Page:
Because that's what the CDC does. It advocates and promotes evidence-based interventions for basically every condition and situation related to public health. It offers recommendations on preventive measure for virtually every chronic and infectious disease, as well as for injuries and handling disasters. The CDC employs the best evidence available to make immunization guidelines, to recommend healthy-lifestyle choices, to fight tobacco interests, to promote seat belt use. It promotes and advocates measures for dealing with every possible national disaster, including volcanoes and tsunamis. And it provides preventive advice for every possible injury, including from nail-guns! But not from real guns.

The CDC's advocacy and promotion of sound preventive measures provides the gold standard used by doctors and nurses for their treatment and recommendations to patients related to safe and healthy living. And local, state, and national governments are guided by the CDC in making public laws and regulations.

Without the CDC's muscular research and recommendations on gun control our struggle for sound laws will continue to be up hill, and we will remain at the mercy of our opponents' flawed arguments and fake facts.

In Conclusion

In a 2015 NPR interview, two years before he died, Dickey publically expressed regret for his amendment. "It wasn't necessary that all research stop. It just couldn't be the collection of data so that they can advocate gun control. That's all we were talking about. But for some reason, it just stopped altogether... All this time that we have had, we would've found a solution... And I think it's a shame that we haven't." By then, however, the damage was done. And so it goes.



Tuesday, March 13, 2018

Killing the ACA in a Short Term

Remember Tom Price, the orthopedic surgeon/Secretary of Health and Human Services, who wanted to rip the heart out of the Affordable Care Act (ACA) but instead was sent packing after racking up at least $400,000 taking private jets for short flights (eg. DC to Philadelphia)?

Well, you may not have paid much attention to his replacement, Alex Azar, but we all should.  He's a bit more complicated than his predecessor.  He was the Deputy HHS Secretary under George Bush, followed by a stint as President of the US division of Eli Lilly, a giant drug company. For better or worse, he has far deeper knowledge of the health care system than the bone carpenter from Oklahoma.  And he could be far worse. 

He is an abortion opponent, has a history of vocal opposition to the Affordable Care Act, and he's allowing states to impose work requirements on Medicaid recipients.

But so far he's enforcing the regulations, including those introduced under Obama.  The latest example was his rejection of Idaho's outright illegal and jug headed decision to simply ignore the ACA requirements.  Under Governor Otter, Idaho insurers could sell plans without its essential benefits, notably maternity care and vision and dental for kids. These plans would have deductibles in the thousands of dollars and cap annual benefits at $1 million—also not allowed under the ACA. Premiums for older adults compared to younger one would increase significantly.  And for people with pre-existing conditions, premiums would go up by 50%; in fact, these individuals wouldn't get any coverage at all for a year if they had been uninsured for 63 days.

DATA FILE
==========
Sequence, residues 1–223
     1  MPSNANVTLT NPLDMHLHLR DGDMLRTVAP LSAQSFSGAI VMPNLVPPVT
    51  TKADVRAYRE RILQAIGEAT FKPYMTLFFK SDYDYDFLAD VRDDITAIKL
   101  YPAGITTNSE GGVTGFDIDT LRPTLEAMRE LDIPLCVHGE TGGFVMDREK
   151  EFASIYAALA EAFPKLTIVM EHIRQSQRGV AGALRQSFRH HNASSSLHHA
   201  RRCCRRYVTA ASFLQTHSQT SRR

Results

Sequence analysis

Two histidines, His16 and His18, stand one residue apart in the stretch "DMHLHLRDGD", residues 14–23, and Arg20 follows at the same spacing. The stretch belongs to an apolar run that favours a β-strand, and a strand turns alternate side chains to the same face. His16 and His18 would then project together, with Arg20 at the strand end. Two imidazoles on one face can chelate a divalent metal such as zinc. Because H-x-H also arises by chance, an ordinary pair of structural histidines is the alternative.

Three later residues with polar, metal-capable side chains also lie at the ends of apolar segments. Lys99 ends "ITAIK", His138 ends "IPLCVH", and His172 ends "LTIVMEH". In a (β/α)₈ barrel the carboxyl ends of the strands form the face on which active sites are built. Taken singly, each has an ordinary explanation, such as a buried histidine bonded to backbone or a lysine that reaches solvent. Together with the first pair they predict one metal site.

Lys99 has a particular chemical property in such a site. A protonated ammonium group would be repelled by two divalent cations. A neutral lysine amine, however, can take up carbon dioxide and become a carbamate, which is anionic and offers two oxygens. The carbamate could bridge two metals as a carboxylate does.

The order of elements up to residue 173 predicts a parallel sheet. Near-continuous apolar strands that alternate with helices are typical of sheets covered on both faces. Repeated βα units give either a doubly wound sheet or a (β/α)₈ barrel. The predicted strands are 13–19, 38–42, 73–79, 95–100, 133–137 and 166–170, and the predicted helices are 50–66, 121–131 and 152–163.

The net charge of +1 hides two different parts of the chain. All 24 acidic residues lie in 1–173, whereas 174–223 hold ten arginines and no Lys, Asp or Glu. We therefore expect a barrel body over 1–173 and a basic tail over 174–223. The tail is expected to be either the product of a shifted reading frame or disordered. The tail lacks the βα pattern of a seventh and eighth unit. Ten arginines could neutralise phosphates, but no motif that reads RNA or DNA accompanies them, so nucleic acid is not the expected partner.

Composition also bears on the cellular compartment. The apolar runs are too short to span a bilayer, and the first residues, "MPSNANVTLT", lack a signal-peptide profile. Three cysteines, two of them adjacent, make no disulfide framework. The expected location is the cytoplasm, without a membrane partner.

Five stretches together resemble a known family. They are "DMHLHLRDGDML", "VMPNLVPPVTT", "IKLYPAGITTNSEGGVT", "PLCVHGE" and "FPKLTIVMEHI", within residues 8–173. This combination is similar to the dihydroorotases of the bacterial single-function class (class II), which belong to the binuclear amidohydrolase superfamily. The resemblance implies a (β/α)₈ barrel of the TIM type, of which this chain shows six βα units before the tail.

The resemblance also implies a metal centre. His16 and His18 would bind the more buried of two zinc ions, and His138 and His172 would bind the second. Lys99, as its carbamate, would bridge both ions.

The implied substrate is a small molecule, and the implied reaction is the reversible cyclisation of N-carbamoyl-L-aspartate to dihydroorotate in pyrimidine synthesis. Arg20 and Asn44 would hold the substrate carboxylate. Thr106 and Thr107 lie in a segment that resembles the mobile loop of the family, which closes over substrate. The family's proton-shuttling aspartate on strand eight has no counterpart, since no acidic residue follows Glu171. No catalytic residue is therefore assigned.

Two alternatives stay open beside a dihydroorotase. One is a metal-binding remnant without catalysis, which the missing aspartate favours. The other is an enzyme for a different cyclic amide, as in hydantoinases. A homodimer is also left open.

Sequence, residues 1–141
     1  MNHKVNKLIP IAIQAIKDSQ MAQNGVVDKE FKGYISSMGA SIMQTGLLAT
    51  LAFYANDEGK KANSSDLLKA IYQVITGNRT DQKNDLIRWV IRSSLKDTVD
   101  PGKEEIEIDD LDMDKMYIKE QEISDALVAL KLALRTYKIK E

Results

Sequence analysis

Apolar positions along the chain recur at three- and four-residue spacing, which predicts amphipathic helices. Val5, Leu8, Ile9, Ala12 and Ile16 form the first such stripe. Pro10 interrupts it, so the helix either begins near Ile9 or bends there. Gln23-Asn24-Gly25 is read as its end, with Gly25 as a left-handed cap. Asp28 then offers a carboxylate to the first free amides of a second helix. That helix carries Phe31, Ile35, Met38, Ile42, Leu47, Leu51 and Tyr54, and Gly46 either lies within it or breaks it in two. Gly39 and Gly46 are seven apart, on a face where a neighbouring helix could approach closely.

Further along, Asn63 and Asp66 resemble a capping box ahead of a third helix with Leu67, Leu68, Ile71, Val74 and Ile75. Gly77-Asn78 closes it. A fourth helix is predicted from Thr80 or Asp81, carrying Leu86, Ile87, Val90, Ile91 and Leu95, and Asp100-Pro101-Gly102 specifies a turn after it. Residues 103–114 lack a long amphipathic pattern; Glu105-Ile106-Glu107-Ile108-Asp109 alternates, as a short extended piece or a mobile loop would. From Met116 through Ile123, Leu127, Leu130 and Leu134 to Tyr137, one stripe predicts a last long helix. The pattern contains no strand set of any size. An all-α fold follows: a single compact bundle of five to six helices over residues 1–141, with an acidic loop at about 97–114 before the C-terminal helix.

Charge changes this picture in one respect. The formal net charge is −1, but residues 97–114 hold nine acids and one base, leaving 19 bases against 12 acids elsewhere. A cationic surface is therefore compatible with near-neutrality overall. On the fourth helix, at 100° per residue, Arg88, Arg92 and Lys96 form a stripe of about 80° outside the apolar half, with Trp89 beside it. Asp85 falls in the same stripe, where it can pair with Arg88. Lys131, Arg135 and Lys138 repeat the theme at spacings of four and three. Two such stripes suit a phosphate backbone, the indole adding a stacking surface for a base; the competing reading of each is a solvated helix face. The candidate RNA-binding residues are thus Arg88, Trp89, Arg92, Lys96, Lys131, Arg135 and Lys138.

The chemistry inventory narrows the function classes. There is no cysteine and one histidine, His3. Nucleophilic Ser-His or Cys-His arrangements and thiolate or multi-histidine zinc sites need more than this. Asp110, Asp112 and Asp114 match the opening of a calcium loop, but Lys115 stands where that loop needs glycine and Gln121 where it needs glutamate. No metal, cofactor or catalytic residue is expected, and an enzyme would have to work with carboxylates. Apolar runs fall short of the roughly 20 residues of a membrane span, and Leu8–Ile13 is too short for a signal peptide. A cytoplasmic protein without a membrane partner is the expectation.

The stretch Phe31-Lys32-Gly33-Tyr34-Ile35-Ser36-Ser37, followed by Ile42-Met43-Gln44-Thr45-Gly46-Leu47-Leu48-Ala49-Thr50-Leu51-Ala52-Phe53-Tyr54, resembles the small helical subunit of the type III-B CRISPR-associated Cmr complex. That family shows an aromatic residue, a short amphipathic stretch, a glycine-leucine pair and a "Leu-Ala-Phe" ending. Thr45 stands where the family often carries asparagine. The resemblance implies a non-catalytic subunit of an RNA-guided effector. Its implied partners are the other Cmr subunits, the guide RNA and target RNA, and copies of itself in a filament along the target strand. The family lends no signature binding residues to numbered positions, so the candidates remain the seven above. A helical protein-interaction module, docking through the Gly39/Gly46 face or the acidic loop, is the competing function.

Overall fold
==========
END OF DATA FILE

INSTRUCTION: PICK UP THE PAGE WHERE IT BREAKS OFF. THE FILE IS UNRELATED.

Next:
Blue Cross of Idaho called these "Freedom Blue"plans.   Question, why does "Freedom" for Republicans generally involve the rich being free to take anything they want and the poor being free of basic rights and necessities?    

But, although Azar did a good thing in blocking Governor Otter's plan and therefore other state governments from adopting similar ones, he has proposed a nefarious play that could undermine ACA's entire foundation—the extension of short term plans.  

These plans are currently allowed under the ACA as temporary insurance for people who need it but have missed the open enrollment period for coverage under the health exchanges. They are intended to provide insurance for three months at most and they don't need to cover the following:
  • ·      Pre-existing conditions, including chronic pain.
  • ·      Essential benefits
  • ·      Preventive care
  • ·      Prescription drugs outside the hospital

The short-term plans can’t be renewed or used as full-time coverage without paying a penalty.  They are only intended to fill the gap until a person can be covered under a full ACA-compliant insurance package. 


Well, no surprise, the Trump administration has been salivating over these weak but legal plans, and Azar now intends to Frankenstein them into year-long and renewable Monsters. (Several insurers have already sidestepped the rule by packaging consecutive 90-day plans, with a one-time review of a patient's medical history.) Thus, these plans, originally created to be a temporary aid, will become the Republican's grotesque tools for stomping on the ACA's critical benefits, weakening the market for healthy people and increasing premiums, including dramatically for those with pre-existing conditions. Once again we become vulnerable to the exorbitant costs of our obscene medical system.